The algorithm for how the RIAA calculates sales for albums is apt to change from time to time but at the most recent calculation of the all-time best sellers,The Eagles' Greatest Hits 1971-1975 complication just passed Michael Jackson's iconic 1982 Thriller for the top spot with 38,000,000 total albums sold. The Eagles' Hotel California is safely positioned in third place behind Thrillerwith a very respectable 26,000,000 total album sales. Others on the RIAA best-selling list include:Billy Joel: Greatest Hits Volume I & Volume II, Led Zeppelin IV , The Wall by Pink Floyd , AC/DC's Back In Black, Garth Brooks Double Live, Hootie and the Blowfish Cracked Rear View and Fleetwood Mac Rumors all round out the Top 10.
Representatives for the RIAA suggest the players on the list including at the top could change but that's unlikely in that albums don't sell like they did when these powerhouse records made their mark. The music industry today is much more about selling singles and or perhaps more importantly, streaming.
This begs the question like when comparing Bill Russell to LeBron James in the NBA: how do you measure success or greatness when the game is so different today? If Thriller can sell 33,000,000 albums - mostly a generation ago when an album meant something different to music fans how do you handicap say "Uptown Funk" by Mark Ronson (featuring Bruno Mars) on Youtube that's been played over 3,100,000,000 (that's over 3.1 BILLION) times?
Jackson's "Beat It", which is a short-film as much of a music video, has been seen 400,000,000 plus times on YouTube.com but how do you calculate how many times it's been seen on MTV back in the day? How do you factor in how many downloads of "Uptown Funk" were sold in an era when most people want the single over the album?. What weight does a downloaded single get versus selling a physical album?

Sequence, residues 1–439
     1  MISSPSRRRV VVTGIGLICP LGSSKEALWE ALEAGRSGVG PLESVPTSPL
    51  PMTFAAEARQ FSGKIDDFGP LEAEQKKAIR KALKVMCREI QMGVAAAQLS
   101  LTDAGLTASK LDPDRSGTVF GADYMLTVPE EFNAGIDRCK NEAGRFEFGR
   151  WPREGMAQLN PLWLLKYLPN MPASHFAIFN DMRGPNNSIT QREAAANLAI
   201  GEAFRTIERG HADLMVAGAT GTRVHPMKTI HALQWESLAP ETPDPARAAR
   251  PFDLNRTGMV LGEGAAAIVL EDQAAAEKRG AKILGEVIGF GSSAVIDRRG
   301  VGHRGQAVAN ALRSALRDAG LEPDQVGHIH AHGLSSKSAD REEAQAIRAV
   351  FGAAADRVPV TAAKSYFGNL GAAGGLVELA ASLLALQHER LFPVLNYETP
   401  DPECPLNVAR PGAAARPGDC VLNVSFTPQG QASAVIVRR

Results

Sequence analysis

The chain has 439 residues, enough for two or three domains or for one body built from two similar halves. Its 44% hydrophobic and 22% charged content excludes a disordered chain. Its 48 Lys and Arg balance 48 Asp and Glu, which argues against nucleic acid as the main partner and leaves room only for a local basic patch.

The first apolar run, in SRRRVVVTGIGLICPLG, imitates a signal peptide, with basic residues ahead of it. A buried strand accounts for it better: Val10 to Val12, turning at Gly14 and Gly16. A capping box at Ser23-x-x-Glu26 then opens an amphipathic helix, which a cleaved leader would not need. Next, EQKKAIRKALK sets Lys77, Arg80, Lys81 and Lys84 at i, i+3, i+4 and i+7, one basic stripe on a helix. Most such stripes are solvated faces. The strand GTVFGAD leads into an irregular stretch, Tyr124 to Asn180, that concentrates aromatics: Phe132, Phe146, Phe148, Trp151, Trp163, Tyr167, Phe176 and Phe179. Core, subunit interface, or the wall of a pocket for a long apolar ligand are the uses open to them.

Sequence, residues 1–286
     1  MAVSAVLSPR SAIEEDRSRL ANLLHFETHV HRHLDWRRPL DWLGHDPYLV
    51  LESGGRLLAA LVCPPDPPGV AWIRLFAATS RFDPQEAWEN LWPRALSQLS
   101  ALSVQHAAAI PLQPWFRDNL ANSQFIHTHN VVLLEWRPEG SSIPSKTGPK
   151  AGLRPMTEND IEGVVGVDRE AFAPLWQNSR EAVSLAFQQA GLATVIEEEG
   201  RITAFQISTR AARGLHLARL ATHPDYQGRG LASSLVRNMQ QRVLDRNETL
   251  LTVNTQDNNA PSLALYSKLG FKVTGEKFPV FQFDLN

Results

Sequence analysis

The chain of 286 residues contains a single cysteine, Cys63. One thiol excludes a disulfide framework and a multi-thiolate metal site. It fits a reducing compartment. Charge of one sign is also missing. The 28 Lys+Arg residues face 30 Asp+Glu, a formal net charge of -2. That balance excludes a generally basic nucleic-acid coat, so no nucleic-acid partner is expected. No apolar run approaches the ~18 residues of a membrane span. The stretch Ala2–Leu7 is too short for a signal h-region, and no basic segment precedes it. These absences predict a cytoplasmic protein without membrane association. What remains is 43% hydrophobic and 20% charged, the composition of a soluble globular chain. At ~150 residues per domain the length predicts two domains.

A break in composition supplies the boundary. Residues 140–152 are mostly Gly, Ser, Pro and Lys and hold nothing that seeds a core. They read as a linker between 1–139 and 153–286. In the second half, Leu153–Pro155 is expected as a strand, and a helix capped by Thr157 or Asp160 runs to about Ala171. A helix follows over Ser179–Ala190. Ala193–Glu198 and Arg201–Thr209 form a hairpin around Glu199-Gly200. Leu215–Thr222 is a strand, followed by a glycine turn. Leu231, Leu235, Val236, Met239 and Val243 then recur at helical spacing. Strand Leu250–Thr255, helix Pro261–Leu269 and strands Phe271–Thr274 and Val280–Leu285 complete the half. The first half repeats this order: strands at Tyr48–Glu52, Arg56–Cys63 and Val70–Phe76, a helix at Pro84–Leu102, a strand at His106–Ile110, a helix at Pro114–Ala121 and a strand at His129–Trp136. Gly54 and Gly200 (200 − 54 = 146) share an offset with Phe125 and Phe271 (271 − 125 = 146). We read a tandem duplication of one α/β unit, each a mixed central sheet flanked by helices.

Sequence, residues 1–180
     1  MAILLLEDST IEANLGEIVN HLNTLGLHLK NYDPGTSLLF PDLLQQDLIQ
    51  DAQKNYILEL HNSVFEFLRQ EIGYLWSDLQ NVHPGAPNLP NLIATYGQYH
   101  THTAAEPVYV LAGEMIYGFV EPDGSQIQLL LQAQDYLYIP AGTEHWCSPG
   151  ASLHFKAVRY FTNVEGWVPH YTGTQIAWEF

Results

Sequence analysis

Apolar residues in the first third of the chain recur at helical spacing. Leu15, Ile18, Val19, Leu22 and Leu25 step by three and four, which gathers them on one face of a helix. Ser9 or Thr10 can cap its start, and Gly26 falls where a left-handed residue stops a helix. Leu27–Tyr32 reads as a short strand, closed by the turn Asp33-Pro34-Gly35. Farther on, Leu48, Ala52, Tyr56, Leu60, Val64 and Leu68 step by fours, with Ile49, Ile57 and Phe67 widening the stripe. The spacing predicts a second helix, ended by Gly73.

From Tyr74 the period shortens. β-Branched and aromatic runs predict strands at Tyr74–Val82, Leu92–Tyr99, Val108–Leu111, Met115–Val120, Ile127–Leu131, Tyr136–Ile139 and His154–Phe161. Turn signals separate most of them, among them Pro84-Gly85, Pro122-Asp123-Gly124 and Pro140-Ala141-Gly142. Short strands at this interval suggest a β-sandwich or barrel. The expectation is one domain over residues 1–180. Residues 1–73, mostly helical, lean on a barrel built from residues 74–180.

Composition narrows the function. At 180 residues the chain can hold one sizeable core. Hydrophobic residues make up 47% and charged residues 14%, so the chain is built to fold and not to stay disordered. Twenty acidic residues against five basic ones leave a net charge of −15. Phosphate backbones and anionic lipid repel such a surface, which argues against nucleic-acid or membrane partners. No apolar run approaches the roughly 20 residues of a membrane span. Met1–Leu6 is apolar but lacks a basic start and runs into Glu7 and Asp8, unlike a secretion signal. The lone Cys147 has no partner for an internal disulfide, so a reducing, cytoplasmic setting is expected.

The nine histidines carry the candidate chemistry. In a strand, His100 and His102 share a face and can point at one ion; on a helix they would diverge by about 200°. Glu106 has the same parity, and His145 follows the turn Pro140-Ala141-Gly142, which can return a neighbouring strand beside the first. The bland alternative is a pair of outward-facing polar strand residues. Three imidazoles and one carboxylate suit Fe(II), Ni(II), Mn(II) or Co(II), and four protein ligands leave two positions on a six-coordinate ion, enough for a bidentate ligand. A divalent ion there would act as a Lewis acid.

One might make an argument that the rules for selling music are so different now that the comparisons to the past are simply moot. Artists today struggle to make any meaningful money from streaming thus their energies focus on touring. Music sales, for those who actually buy files, have reverted back to a pre-1950s business model where singles rule the sales over full, more expensive albums. And unlike back when the players at the top of the RIAA list made their mark, you couldn't just go to a peer-to-peer website and steal the record. Going into a Sam Goody and trying to walk out with an LP was a far more dangerous proposition. And don't get me started on those long, narrow cardboard boxes that Compact Discs used to come in to prevent theft. What a nightmare they were.
Is the RIAA top selling album list a gleaming example of how great rock music was in the 1970s and its lasting appeal or is it a list based on a time long gone by that little to do with the way music is consumer, enjoyed or purchased today?
How does this make you feel? Old? Young? Or just don't care...